It seems like forever since March 11 last year, when the Guthrie announced the most financially ambitious season in its history. (Kathleen Turner! The Henriad! Lin-Manuel Miranda’s “In the Heights”!) And March 13, just two days later, when the theater closed its doors to COVID-19 and ended both “Twelfth Night” and “The Bacchae” mid-run. And May 8, when Artistic Director Joseph Haj sent an email to staff saying the Guthrie wouldn’t reopen until March 2021 and “even a March 2021 opening could be optimistic.”
That was a bucket of ice water. Would the pandemic really last that long? It would and it has, and it’s not over yet. But it’s receding enough that we can start moving forward.
On Thursday, July 8, the Guthrie will reopen to the public. The lobbies will be open Thursdays through Sundays from 10 a.m. to 5 p.m., if you’re in the neighborhood and want to walk through. The outdoor terrace on the Endless Bridge and the Amber Box on Level Nine will also be open. Food and beverage service will not be available.
In October, a limited-run production TBA will open on the McGuire Proscenium Stage, and an all-new production of “A Christmas Carol” will open on the Wurtele Thrust Stage, adapted by Lavina Jadhwani and directed by Haj. From January to August 2022, the Guthrie will produce a five-play subscription season, with plays and stages TBA in June. We’re told we can expect the same full-scale productions we’ve experienced in the past when performances resume this fall.
So: Seven plays. Any guesses about the other six? Details will be announced in June.
Haj said in a statement, “After a year marked by the profound loss of lives and livelihoods due to the pandemic, it brings me great hope to share our reopening plans with the community and know that we will be gathering at the theater again soon.”
Meanwhile, the Guthrie has made building improvements, including increased air flow and the installation of high-efficiency MERV 13 air filters.
Tickets for “A Christmas Carol” will go on sale to the general public in September for previews beginning Nov. 8. Season ticket packages will be available this summer.
On June 25 at 7 p.m., the Guthrie will hold a virtual benefit featuring Tony and Grammy winner Leslie Odom Jr. in concert, with Regina Marie Williams as host. Registration is free. VIP tickets are available. FMI and registration.
ASI Community Fund’s first group of recipients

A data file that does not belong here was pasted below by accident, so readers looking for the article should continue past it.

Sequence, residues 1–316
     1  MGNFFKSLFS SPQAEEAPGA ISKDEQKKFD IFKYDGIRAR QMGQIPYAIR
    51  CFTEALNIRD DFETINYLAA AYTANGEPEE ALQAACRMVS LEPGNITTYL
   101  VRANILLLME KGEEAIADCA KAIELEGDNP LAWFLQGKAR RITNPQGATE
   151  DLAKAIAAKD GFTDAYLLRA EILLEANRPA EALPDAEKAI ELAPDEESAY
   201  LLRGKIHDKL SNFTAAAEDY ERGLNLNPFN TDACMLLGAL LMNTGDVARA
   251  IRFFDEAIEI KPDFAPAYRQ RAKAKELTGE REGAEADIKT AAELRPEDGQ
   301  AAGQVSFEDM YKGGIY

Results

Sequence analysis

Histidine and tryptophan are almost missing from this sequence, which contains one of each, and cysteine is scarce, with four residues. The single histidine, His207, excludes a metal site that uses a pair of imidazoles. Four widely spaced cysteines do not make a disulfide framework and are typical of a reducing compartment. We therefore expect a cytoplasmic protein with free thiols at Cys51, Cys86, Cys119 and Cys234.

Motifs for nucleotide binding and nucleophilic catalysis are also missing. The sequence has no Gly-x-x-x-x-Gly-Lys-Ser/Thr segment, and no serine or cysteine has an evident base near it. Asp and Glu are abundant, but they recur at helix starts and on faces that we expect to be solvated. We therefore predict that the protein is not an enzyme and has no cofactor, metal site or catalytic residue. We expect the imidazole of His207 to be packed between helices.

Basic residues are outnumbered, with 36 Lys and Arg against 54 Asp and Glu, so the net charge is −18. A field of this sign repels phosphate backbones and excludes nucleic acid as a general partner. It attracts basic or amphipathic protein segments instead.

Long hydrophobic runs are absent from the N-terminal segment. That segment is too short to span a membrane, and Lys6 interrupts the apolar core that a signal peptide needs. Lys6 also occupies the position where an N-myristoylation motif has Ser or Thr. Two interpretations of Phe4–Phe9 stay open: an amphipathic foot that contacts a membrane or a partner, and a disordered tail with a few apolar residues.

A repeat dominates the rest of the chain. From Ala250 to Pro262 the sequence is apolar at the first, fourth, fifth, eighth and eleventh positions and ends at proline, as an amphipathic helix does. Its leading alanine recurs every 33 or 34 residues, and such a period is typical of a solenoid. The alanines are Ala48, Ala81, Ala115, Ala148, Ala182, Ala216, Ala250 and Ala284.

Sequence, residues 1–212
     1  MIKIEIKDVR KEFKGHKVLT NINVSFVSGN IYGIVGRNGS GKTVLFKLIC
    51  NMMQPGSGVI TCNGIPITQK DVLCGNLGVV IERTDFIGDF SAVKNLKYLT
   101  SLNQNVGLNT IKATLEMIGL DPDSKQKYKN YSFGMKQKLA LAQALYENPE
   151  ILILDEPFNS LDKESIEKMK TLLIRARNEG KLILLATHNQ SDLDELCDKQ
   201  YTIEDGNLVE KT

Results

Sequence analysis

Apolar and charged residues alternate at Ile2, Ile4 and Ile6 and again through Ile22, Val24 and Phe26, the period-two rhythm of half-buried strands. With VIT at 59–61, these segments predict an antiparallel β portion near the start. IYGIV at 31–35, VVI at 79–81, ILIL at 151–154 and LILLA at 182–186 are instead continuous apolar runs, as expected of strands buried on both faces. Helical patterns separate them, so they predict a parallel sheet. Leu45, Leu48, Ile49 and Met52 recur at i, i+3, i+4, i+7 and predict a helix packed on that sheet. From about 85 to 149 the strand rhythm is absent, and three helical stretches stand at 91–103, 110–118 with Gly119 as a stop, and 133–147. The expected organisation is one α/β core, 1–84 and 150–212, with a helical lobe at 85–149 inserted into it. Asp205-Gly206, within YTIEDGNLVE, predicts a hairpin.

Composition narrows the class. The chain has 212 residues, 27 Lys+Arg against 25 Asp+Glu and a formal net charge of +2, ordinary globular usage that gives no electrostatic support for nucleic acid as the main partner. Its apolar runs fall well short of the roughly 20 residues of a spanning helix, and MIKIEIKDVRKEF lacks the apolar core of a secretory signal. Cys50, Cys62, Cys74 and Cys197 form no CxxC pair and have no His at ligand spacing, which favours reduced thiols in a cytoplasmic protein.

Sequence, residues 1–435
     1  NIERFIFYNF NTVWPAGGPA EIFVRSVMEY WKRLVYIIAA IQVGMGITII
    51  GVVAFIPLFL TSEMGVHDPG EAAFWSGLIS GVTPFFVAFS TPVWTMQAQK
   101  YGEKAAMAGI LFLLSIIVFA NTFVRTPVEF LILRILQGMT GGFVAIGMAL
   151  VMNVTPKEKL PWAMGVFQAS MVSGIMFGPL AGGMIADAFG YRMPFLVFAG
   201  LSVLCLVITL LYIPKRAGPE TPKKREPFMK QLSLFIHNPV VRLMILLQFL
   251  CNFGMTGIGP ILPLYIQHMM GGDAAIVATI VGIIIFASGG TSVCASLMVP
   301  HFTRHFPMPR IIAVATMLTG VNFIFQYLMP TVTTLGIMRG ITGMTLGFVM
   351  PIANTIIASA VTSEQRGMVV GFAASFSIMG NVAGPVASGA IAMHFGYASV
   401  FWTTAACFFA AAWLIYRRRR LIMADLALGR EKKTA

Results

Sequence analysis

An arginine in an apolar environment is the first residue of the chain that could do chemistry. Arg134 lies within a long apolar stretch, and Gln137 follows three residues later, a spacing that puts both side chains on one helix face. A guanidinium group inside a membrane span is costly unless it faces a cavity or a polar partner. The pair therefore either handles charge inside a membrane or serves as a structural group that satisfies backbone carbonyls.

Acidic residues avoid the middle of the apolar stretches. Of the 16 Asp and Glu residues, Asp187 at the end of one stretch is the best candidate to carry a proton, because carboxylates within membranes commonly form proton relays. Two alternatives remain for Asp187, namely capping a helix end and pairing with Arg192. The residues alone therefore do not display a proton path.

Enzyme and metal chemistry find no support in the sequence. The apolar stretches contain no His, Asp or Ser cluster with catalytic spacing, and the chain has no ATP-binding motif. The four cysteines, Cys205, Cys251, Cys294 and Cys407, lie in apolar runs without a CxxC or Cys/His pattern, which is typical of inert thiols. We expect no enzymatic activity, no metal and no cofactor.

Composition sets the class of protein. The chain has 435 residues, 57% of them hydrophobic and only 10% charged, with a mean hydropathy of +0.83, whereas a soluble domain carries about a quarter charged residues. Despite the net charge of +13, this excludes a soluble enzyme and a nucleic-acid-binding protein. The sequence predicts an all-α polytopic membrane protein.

Shaken by the murder of George Floyd by Minneapolis police last May, the American Swedish Institute established a new community fund. ASI is located at 26th and Park in the Minneapolis’ Phillips West neighborhood, just two miles from George Floyd Square. The castle-like Turnblad Mansion on ASI’s campus was built for Swedish immigrants, Ohillips West is a neighborhood of immigrants, and longtime ASI president and CEO Bruce Karstadt has always felt a connection between them.
Each (non-pandemic) year, ASI hosts National Night Out, naturalization ceremonies for new citizens and graduation ceremonies for PICA Head Start children. It works with programs at Andersen and Bancroft Elementary Schools and Wellstone International High School. This summer, it will partner with Sisters’ Camelot to host a monthly series of food distribution events in its large parking lot.
ASI’s “Statement on the Killing of George Floyd,” released June 1, 2020, included this language: “We cherish our beloved community: our home – the Phillips West neighborhood – and the cultural vitality, creativity and partnerships we enjoy.”
Early ASI Community Fund donations went to PICA Head Start and Open Arms of Minnesota. Last week, ASI announced the first official group of recipients, chosen from an inaugural round of 20 applications.
Three awardees each received amounts between $1,000 and $2,000. Tamales y Bicicletas seeks to improve the health of low-income communities of color. The Semilla Center for Healing and the Arts brings arts learning experiences to underserved communities. The Somali American Women Action Center works to stabilize the lives of refugee and immigrant women and their families.